When Michael Hurd first heard the term “Friday Night Lights,” he considered it a head-scratcher.
His initial thought — wait, they play high school football on Fridays, too?
For nearly 50 years, the games involving all-black high schools in Texas unfolded on Thursday and sometimes Wednesday nights. At its peak, the Prairie View Interscholastic League provided athletic and academic oversight for roughly 500 high schools in Texas. Before integration, black folks had their schools and ball games, and white people had theirs.
Separate, but not equal. Definitely not equal.
The history of PVIL football in Texas has mostly existed in the shadows since the organization disbanded in 1970. But into that void stepped Hurd, who some 11 years ago had the epiphany to write a book about the legacy of the state’s black football players, coaches and teams.
“I feel like I’ve been writing this book since adolescence, because that’s kind of what I grew up with. That’s always been in the back of my mind,” said Hurd, who works as the director of the Texas Institute for the Preservation of History and Culture at Prairie View A&M University. “But what really brought everything to a head was probably around 2007, when I went to my first PVIL Coaches Association Hall of Fame banquet. Listening to those guys when they were accepting their plaques, it was like, ‘Oh, man, I think I need to write this story. This has to happen.’ Because they really hadn’t been acknowledged.”
Thus, “Thursday Night Lights” was born.
Researching the book, which published last fall, proved to be a formidable challenge. Hurd interviewed dozens of former PVIL players and coaches, so he relied heavily on their memories and the oral history of games and events.
But newspaper accounts were sparse. Major newspapers didn’t typically cover the games of the black high schools in those days. And even the reports from the black newspapers that did publish stories usually didn’t provide statistics.
“People weren’t familiar with those schools, and the major papers weren’t writing about them,” said Hurd, who participated in Saturday’s second annual Texas Sports Hall of Fame Book Festival in Waco. “A lot of the books that I found might have a paragraph — incorrect — or something like that. But nothing like this.”
Of course, a lack of media coverage was the least of those PVIL schools’ concerns. Racial strife permeated the time. Whites and blacks didn’t mix — they attended separate schools and churches, used separate bathrooms and water fountains.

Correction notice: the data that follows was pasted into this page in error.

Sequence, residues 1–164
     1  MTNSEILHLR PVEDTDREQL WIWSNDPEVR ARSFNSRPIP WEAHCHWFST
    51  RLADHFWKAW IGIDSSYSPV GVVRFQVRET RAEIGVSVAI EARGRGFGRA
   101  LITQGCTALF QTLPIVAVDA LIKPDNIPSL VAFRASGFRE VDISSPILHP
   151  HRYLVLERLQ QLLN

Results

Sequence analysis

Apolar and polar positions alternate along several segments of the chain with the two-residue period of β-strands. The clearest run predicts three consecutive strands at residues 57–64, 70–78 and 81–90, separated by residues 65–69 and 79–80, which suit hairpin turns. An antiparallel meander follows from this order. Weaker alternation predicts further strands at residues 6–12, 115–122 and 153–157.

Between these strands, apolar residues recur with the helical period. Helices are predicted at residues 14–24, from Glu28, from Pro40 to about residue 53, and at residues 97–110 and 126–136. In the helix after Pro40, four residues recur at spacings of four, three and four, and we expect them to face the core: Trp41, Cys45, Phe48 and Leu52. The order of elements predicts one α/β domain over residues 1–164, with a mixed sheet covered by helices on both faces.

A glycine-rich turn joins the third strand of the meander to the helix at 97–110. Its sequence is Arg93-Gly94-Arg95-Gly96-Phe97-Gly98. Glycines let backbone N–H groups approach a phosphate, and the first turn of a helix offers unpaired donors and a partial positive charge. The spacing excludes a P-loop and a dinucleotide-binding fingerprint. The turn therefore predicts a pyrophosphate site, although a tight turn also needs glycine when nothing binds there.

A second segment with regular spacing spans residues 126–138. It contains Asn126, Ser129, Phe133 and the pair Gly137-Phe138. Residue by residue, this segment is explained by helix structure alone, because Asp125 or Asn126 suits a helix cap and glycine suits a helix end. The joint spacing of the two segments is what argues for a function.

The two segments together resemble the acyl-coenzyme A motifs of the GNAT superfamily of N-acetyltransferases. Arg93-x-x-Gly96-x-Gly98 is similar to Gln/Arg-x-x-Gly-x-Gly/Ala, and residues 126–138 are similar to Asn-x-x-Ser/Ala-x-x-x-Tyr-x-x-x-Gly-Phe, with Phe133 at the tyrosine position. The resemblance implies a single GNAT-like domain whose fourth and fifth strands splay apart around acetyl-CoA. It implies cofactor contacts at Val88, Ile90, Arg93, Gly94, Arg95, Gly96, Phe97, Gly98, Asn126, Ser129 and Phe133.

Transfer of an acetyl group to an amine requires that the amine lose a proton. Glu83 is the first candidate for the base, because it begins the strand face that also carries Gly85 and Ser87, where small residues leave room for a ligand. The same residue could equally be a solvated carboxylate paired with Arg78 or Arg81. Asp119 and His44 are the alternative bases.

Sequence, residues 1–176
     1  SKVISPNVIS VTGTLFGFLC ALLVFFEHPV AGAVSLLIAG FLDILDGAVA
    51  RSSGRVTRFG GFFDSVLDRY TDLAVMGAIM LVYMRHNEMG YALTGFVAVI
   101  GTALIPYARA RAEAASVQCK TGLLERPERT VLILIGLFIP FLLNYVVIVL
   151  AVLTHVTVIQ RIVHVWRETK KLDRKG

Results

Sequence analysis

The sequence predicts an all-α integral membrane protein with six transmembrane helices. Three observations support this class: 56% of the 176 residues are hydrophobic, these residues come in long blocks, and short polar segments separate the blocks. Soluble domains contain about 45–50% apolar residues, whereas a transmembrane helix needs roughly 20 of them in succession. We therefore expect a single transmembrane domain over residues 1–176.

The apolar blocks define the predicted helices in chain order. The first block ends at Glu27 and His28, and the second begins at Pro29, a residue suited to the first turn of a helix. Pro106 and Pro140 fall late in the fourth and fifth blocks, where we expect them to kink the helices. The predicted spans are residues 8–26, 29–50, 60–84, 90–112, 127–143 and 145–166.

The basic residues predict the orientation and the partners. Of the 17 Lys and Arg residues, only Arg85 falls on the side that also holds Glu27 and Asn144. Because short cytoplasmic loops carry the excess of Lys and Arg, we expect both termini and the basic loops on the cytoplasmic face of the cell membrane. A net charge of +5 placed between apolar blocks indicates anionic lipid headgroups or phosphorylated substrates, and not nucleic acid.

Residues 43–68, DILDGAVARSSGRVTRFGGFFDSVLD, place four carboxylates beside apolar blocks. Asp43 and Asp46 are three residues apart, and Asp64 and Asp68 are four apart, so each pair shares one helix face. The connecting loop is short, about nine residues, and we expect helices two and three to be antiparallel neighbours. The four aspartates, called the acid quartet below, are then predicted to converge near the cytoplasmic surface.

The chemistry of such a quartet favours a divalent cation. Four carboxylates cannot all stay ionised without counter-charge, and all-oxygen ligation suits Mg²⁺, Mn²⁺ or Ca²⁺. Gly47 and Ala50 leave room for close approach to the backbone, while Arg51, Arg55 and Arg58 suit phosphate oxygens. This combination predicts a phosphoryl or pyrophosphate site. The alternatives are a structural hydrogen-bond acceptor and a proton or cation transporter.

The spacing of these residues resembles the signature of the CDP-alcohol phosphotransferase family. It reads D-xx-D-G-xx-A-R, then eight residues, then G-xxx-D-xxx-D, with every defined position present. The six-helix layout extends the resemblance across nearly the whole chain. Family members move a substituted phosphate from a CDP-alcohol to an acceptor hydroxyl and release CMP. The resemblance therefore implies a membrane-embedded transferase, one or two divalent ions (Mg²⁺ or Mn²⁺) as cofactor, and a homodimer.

The PVIL’s football teams made do with second-hand uniforms passed down from white schools, not to mention the tattered textbooks that had already been used several times over.
“You might get a book that barely had a cover on it, it had just been used to death,” Hurd said. “So it was that sort of thing. There just weren’t a lot of resources being allocated to the black high schools in general. It was mostly a money issue.”
Even if a black school would have had the finances to fund an overnight trip for their football team, they wouldn’t have had the opportunity to make it happen. Black schools in West Texas faced especially long travel, and there was no thought of booking a hotel — because the hotels in most of the towns didn’t accommodate minorities.
“They would get back to school at 4 or 5 in the morning, sometimes even later, and be in class the next morning. Sleeping on the bus, that sort of thing,” said Hurd, who talks about the travails of such travel in a chapter in his book called, ‘Riding the Yellow Dog.’ “The upside of that was the camaraderie and the team building. Otherwise, it was just one of those things they had to deal with.”
Despite the difficulties they faced, those PVIL teams produced some legendary players and teams. Jerry LeVias dazzled at Beaumont Hebert High School before breaking the Southwest Conference’s color barrier at SMU. Eldridge Dickey was, by all accounts, a fantastic quarterback. Temple Dunbar had a fearsome defensive force who would become a household name in America in the 1970s while playing for the Pittsburgh Steelers, one “Mean” Joe Greene.
At one time, the most-attended high school sporting event in the country was a PVIL game. The rivalry between Houston’s Yates and Wheatley High Schools was an intense one, and it boiled to a head every Thanksgiving Day when those two teams would meet on the football field.
“Entire families would get involved. You might have a wife who went to Yates and a husband who had gone to Wheatley. For that week, they were divorced,” Hurd said.
The game routinely drew standing-room only, fire-marshal-be-damned crowds of 20,000 or more. When Jeppensen Stadium expanded to 40,000 capacity to suit the needs of the AFL’s expansion Houston Oilers in 1960, the Yates-Wheatley game still sold out.
Waco is steeped in its own unforgettable high school football history. Yes, Paul Tyson’s Waco High Tigers created an unshakable dynasty in the 1920s. But perhaps no less impressive is the success produced by the A.J. Moore High School Lions, an all-black PVIL school.
Under the guidance of head coach Lewis Richterson, Moore won PVIL state titles in 1951, ’52, ’60 and ’64. In fact, the 1964 Moore team is the last City of Waco public school to claim a state football championship.
Integration finally happened in the late 1960s in Texas. The UIL merged with the PVIL in 1967, though Hurd termed the move as a “hostile takeover, more than a merger.” Many documents dealing with the PVIL’s history were thrown out or destroyed. In time, the vast majority of the black schools vanished. Hurd said that while the PVIL once consisted of 500 schools, only eight of those schools exist today under their original names.
Integration was a triumph, and absolutely necessary. No sane person would deny that. But it’s a shame that the rich legacy of teams from the PVIL era hasn’t been better preserved.
Thankfully, people like Michael Hurd are still around to do just that.